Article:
Some Practical Clojure Examples
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(str "a" "b" "c")       ;=> "abc"

(println "a" "b" "c")   ; prints "a b c"
(println \a \b \c)      ; same

;; Length of string:
(count "hello")         ;=> 5

;; substring
(subs "something" 2 5)  ;=> "met"

(require '[clojure.string :as str])
(str/join ["a" "b" "c"])      ;=> "abc"
(str/join "-" ["a" "b" "c"])  ;=> "a-b-c"

(str/reverse "hello")         ;=> "olleh"


(str/split "a11b2c3" #"\d+")     ;=> ["a" "b" "c"]
(str/split-lines "a\nb\n\nc\n")  ;=> ["a" "b" "" "c"]

(str/replace "score is 22"  "22"    "100")       ;=> "score is 100"
(str/replace "score is 22" #"\d+"   "100")       ;=> "score is 100"
(str/replace "score is 22" #"\d+"   "1$0")       ;=> "score is 122"
(str/replace "score is 22" #"(\d+)" "1$0")       ;=> "score is 122"
(str/replace "score is 22" #"(\d+)" "1$1")       ;=> "score is 122"
(str/replace "score is 22"
             #"\d+"
             #(str (+ (Integer/parseInt %1)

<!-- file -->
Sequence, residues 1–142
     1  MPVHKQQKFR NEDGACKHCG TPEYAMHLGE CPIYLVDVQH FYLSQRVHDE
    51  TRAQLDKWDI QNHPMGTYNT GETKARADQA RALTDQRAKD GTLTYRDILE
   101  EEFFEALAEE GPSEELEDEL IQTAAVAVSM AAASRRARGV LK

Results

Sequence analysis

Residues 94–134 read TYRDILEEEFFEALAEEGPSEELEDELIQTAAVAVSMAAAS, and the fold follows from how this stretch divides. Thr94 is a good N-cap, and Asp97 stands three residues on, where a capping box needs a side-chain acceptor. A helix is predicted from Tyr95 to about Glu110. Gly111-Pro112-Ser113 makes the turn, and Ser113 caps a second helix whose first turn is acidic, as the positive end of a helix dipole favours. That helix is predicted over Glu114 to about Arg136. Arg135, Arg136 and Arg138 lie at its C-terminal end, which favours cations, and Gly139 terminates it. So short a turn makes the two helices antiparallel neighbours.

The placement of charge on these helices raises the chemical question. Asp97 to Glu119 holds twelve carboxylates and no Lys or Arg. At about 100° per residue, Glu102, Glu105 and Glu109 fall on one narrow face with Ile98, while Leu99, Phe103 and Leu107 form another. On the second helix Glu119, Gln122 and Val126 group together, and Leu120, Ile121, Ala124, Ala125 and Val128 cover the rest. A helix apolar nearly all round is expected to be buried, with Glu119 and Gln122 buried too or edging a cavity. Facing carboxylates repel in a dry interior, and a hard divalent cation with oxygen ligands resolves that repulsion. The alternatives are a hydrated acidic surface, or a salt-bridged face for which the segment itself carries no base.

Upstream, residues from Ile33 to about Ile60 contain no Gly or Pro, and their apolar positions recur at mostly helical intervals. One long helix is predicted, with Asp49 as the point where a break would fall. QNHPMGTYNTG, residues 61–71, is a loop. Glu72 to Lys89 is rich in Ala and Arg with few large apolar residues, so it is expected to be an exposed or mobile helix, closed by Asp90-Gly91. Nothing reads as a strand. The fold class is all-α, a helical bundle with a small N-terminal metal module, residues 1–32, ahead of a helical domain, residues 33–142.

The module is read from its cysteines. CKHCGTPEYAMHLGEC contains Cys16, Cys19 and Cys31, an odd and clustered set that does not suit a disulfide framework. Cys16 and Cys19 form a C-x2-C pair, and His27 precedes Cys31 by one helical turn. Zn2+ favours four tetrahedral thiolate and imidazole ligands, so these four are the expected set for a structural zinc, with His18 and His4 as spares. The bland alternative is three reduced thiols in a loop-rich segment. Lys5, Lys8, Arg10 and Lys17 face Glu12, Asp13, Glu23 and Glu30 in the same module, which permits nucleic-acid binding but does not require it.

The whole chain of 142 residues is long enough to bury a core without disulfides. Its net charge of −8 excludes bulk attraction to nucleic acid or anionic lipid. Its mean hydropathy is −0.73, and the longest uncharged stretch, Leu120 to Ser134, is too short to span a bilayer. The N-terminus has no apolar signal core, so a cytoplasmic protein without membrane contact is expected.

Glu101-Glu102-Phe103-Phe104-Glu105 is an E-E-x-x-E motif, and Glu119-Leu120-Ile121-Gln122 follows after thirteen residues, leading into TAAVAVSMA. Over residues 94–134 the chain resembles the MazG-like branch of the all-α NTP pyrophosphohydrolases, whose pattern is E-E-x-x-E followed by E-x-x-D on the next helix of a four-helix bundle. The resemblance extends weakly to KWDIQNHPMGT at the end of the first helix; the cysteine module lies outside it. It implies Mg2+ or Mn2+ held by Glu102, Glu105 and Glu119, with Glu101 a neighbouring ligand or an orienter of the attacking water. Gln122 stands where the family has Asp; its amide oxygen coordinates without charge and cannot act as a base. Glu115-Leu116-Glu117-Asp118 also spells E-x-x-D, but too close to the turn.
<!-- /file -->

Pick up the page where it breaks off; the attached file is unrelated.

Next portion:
10)))                      ;=> "score is 32"
(str/replace "score is 22"
             #"(\d+)"
             #(str (+ (Integer/parseInt (%1 0))
                      10)))                      ;=> "score is 32"

$0 matches the “whole regex match”.

Don’t confuse the regex match reference syntax ($1) with the function literal arg syntax (%1). $1 is embedded in a string, %1 is bare and goes in a function literal.

%& is, of course, only for function literals and is the list of all args passed.

When you use the regex #"(\d+)" (with the capturing parens), for some reason, the matches that replace stores looks like this:

(str/replace "score is 22" #"\d+" #(str %&))
"score is (\"22\")"
(str/replace "score is 22" #"(\d+)" #(str %&))
;=> "score is ([\"22\" \"22\"])"

1 Formatting

(format "aa %s"  "bb")  ;=> "aa bb"
(format "aa%scc" "bb")  ;=> "aabbcc"

(format "%f" 1.9)       ;=> "1.900000"
(format "%.2f" 1.9)     ;=> "1.90"
(format "%10.2f" 1.9)   ;=> "      1.90"
(format "%-10.2f" 1.9)  ;=> "1.90      "

(format "%4d"  42)      ;=> "  42"
(format "%-4d" 42)      ;=> "42  "
(format "%04d" 42)      ;=> "0042"

See the java.util.Formatter docs for more details.